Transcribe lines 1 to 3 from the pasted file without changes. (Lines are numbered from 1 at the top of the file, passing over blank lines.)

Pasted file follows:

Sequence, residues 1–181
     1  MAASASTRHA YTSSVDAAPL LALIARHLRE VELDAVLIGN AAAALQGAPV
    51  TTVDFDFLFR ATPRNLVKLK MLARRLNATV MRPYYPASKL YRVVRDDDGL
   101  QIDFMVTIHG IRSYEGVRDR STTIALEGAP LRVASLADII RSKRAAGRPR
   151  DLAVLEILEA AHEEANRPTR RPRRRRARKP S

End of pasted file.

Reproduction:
Sequence, residues 1–181
     1  MAASASTRHA YTSSVDAAPL LALIARHLRE VELDAVLIGN AAAALQGAPV
    51  TTVDFDFLFR ATPRNLVKLK MLARRLNATV MRPYYPASKL YRVVRDDDGL